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A small business’s first year of operation can be a tumultuous time. Recruiting talented staff, finding effective avenues of promotion and building a steady client base are just a few of the herculean tasks that fledgling small business owners have to tackle during this crucial period. Unsurprisingly, money is typically an issue for small businesses scrambling to make a name for themselves. In order for a fledgling enterprise to stay afloat throughout its first year, smart spending practices need to be adopted. However, entrepreneurs with little to no experience in this area have a tendency to overspend and saddle themselves with insurmountable debt. Small business owners looking for effective ways to keep spending under control are urged to adopt the following measures.

Invest in Supply Chain Finance Tools

Not every small business owner is an experienced money manager. While some entrepreneurs have strong financial backgrounds, many fledgling business owners have very little fiduciary acumen. If you fit into the latter category, you can benefit from enlisting the aid of a seasoned financial advisor and investing in supply chain finance tools. A better sense of how to manage your money and the ability to develop a long-term financial strategy are sure to serve you well in the business world.

Place a Limit on Full-Time Hires

With economic uncertainty at all-time highs, wanting to provide local jobseekers with full-time employment is certainly admirable. However, many fledgling enterprises have neither the capital nor the scope to take on a large number of full-time hires. Paying a smattering of full-time salaries while still waiting for customers to discover your business is liable to place a tremendous strain on your finances. With this in mind, limit full-time hires to positions that are absolutely essential. Of course, this isn’t to say that you can’t expand full-time hiring once your enterprise has more capital.

You can also instill loyalty from contractors and part-time hires by rewarding consistently high performers with eventual full-time offers. Since people who lack the security of full-time employment are understandably hesitant to commit to companies that could drop them at a moment’s notice, providing these individuals with something to work towards can help bring forth their best efforts. 

Allow Team Members to Telecommute

As a growing number of businesses are discovering, telecommuting is a perfectly feasible option for a large percentage of the workforce. Thanks to new and emerging technology, virtually any desk job can be done from the comfort of one’s home. Unfortunately, many business owners disparage telecommuting, as they believe it stands to make employees less efficient. However, as a growing body of research reveals, this is far from the case. Furthermore, with the COVID-19 pandemic likely to be a threat for the foreseeable future, allowing employees to telecommute helps curb the spread of the virus and potentially save lives.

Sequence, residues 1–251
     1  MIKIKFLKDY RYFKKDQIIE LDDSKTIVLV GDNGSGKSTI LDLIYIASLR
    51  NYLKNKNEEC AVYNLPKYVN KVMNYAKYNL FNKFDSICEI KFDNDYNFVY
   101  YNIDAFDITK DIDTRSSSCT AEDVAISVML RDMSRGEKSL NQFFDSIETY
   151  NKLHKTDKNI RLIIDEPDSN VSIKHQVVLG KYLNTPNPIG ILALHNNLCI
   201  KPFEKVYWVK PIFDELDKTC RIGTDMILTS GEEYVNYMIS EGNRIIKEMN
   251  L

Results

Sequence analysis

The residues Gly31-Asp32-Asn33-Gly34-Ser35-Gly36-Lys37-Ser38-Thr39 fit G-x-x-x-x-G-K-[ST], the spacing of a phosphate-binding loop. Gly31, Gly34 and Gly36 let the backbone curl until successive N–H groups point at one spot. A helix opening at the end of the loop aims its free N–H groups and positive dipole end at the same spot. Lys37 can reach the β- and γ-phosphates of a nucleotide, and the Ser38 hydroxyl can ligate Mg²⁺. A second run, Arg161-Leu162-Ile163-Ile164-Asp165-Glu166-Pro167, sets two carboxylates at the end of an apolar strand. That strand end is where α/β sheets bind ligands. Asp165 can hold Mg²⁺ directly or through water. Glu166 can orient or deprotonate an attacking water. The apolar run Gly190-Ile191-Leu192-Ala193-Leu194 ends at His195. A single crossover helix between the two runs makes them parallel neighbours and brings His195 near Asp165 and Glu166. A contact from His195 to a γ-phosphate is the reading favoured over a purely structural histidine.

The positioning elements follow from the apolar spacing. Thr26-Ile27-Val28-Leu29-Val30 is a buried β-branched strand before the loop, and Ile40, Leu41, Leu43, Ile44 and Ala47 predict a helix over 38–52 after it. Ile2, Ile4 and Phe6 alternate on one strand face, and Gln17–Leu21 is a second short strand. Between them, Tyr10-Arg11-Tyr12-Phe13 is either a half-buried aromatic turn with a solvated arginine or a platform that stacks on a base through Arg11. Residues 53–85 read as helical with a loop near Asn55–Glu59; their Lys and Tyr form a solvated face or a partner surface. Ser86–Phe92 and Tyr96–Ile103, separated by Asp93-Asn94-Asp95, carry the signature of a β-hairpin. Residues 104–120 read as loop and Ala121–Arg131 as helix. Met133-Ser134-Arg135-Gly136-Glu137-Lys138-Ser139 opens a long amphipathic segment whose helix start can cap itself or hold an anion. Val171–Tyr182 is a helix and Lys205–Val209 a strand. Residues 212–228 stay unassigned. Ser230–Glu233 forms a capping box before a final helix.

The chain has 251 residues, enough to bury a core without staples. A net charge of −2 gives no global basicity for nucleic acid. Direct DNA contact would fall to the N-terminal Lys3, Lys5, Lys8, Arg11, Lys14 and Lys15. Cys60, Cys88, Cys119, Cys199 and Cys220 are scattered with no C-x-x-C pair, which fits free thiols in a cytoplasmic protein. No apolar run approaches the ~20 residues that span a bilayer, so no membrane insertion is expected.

Telecommuting can also serve as an effective cost-cutting measure. The more employees you have working from home, the fewer amenities you’ll need to provide at the office. Depending on the size of your staff, this stands to dramatically reduce food, beverage and office supply costs. Furthermore, having fewer employees present day-to-day means you’ll be able to lease a smaller workspace, thereby reducing your monthly rent costs.   

Explore Free Avenues of Promotion

Purchasing ad space in print publicans and buying commercial spots on local TV and radio outlets can make short work of even the most robust promotional budget. So, in the interest of preserving some capital, you should consider making the most of free promotional tools. Social media, in particular, can be an effective way to spread the word without putting a dent in your finances. If you haven’t already done so, create accounts for your enterprise on every popular social media mainstay and make an effort to post daily updates designed to encourage sharing and audience engagement.

To call a small business’s first year of operation an uncertain time would be an understatement. During this period, business owners tend to wear a variety of hats. In addition to acting as recruiters, promoters and client-schmoozers, they’re often required to step into the role of money manager as well. It’s not hard to see why so many small businesses experience financial hardship throughout their first year. Unless your enterprise is an overnight success, it can take a long time for customers to discover what you have to offer. To help ensure that you’re able to stay afloat long enough to see your business become solvent, put the cost-cutting measures discussed above into practice.

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